Carolann M. Aschoff, P.C.

Posts tagged "Child Custody"

Child custody and child support can be difficult

The end of a marriage is never easy. The divorce process can be very complex, especially when children are involved. Once the process is started, the divorcing partners have to reach agreements on matters such as child custody and support, alimony, visitation and much more.

Joint child custody or shared child custody -- what to do

Some of the most important decisions a couple considering divorce have to make relates to the custody of their children. In most cases, parents are reluctant to given up any of their rights or access to their children. Each parent often believes that he or she is the one who can provide the best care and therefore does not want to relent when it comes to child custody.  

Child custody and support in the case of a special needs child

Children with special needs require specialized care and support for a longer time than most other children. The need for care and support may continue until adulthood in some cases. When the New Jersey parents of a child who is physically or mentally impaired decide to divorce, the needs of the child must be carefully considered when decisions regarding child custody and support are made.

What is child-centered divorce? And does it work?

According to a recent National Vital Statistics Report on marriage and divorce, almost one-third of U.S. divorces involve children under the age of 18. While research shows that successful co-parenting arrangements contribute to the well-being of children of divorce, not all couples are able to reach and/or abide by a co-parenting agreement. The common denominator among children who fare well after their parents break up is often a child-centered divorce. 

The problems associated with 'pet custody' in divorce

People often have very loving relationships with their pets, especially dogs or cats. The relationship goes back before the dawn of history, when people hunted with dogs and kept cats to control vermin. However, the relationship, which many consider to be as important as that with their children, can prove to be a complication during a divorce proceeding. Many estranged couples both have bonded with their pets and would like to make some sort of custody arrangement much as they would for their children.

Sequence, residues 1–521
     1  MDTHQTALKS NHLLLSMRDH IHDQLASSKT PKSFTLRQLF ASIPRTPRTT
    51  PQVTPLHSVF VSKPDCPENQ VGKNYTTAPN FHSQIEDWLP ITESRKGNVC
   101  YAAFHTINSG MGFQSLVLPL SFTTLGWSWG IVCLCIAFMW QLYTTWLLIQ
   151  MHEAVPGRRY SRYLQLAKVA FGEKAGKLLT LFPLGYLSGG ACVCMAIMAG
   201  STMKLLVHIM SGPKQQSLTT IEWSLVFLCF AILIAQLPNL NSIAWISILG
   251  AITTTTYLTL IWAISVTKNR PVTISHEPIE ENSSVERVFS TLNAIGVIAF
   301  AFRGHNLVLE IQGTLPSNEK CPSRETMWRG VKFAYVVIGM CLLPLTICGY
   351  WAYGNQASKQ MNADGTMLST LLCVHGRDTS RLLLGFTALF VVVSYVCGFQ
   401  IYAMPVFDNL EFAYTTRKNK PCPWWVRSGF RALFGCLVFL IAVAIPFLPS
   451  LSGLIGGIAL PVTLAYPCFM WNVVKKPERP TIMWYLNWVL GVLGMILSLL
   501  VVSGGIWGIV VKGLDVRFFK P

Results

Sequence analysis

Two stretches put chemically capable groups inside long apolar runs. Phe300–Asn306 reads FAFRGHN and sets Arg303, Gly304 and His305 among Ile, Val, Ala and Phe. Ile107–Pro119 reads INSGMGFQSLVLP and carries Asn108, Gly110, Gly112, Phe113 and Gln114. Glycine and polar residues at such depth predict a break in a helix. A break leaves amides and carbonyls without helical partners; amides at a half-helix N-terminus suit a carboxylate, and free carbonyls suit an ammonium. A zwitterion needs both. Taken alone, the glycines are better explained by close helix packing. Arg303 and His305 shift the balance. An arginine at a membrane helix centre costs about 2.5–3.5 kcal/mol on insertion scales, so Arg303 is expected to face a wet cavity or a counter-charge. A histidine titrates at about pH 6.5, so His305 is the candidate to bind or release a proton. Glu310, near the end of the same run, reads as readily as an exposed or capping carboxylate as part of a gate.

When child support awards can be modified

For people who have been through a messy divorce involving children, child support can be a complicated issue. While many people believe that the amount of child support is often set in stone, a recent case here in New Jersey shows that this amount might not necessarily be so fixed. Last month, a family law judge ruled that the divorced parents of a gifted child could be required to pay additional funds in child support to develop the talents of their child. 

Consider using mediation to settle child custody issues

These days, many more New Jersey couples are using mediation to resolve their divorce issues. It could also prove helpful in child custody matters in which married or unmarried parents do not want to involve the courts. Sometimes, parents just need assistance in keeping on track and coming to an amicable agreement.

Child custody issues surrounding relocating the children

At the time of a divorce, parents decide how they will split their parenting time based on the existing circumstances. However, one constant in life is that circumstances change. The custodial parent might want to move either within New Jersey or take the children to another state for work or some other reason. Unless the move does not interfere with the child custody arrangements made during the divorce, that parent cannot simply make a unilateral decision.

Paternity action saves man from unfair child support order

A story recently reported in the news highlights the importance of paternity actions. Even though Joe V. had not even seen his estranged wife for 15 years, he was suddenly served with a court order requiring him to pay child support for her new baby. Of course the child was not his, but Iowa law held him financially responsible for the child's welfare because he and his wife were technically still married. Many states assume paternity for any child born during the marriage, regardless of whether the couple was actually together or not. 

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